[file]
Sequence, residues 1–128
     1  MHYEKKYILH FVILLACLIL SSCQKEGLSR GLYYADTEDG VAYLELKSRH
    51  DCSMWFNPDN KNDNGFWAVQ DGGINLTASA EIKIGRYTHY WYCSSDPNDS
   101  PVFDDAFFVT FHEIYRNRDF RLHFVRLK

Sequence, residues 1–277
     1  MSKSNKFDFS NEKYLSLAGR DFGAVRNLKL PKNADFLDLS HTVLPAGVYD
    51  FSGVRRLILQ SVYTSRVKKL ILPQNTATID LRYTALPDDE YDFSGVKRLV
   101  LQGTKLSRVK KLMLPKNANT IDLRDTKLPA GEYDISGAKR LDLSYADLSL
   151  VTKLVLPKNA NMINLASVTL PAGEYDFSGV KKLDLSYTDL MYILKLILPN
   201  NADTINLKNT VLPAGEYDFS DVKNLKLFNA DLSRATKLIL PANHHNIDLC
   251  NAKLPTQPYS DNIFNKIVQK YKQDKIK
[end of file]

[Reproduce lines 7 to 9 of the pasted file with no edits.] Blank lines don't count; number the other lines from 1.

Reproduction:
    51  FSGVRRLILQ SVYTSRVKKL ILPQNTATID LRYTALPDDE YDFSGVKRLV
   101  LQGTKLSRVK KLMLPKNANT IDLRDTKLPA GEYDISGAKR LDLSYADLSL
   151  VTKLVLPKNA NMINLASVTL PAGEYDFSGV KKLDLSYTDL MYILKLILPN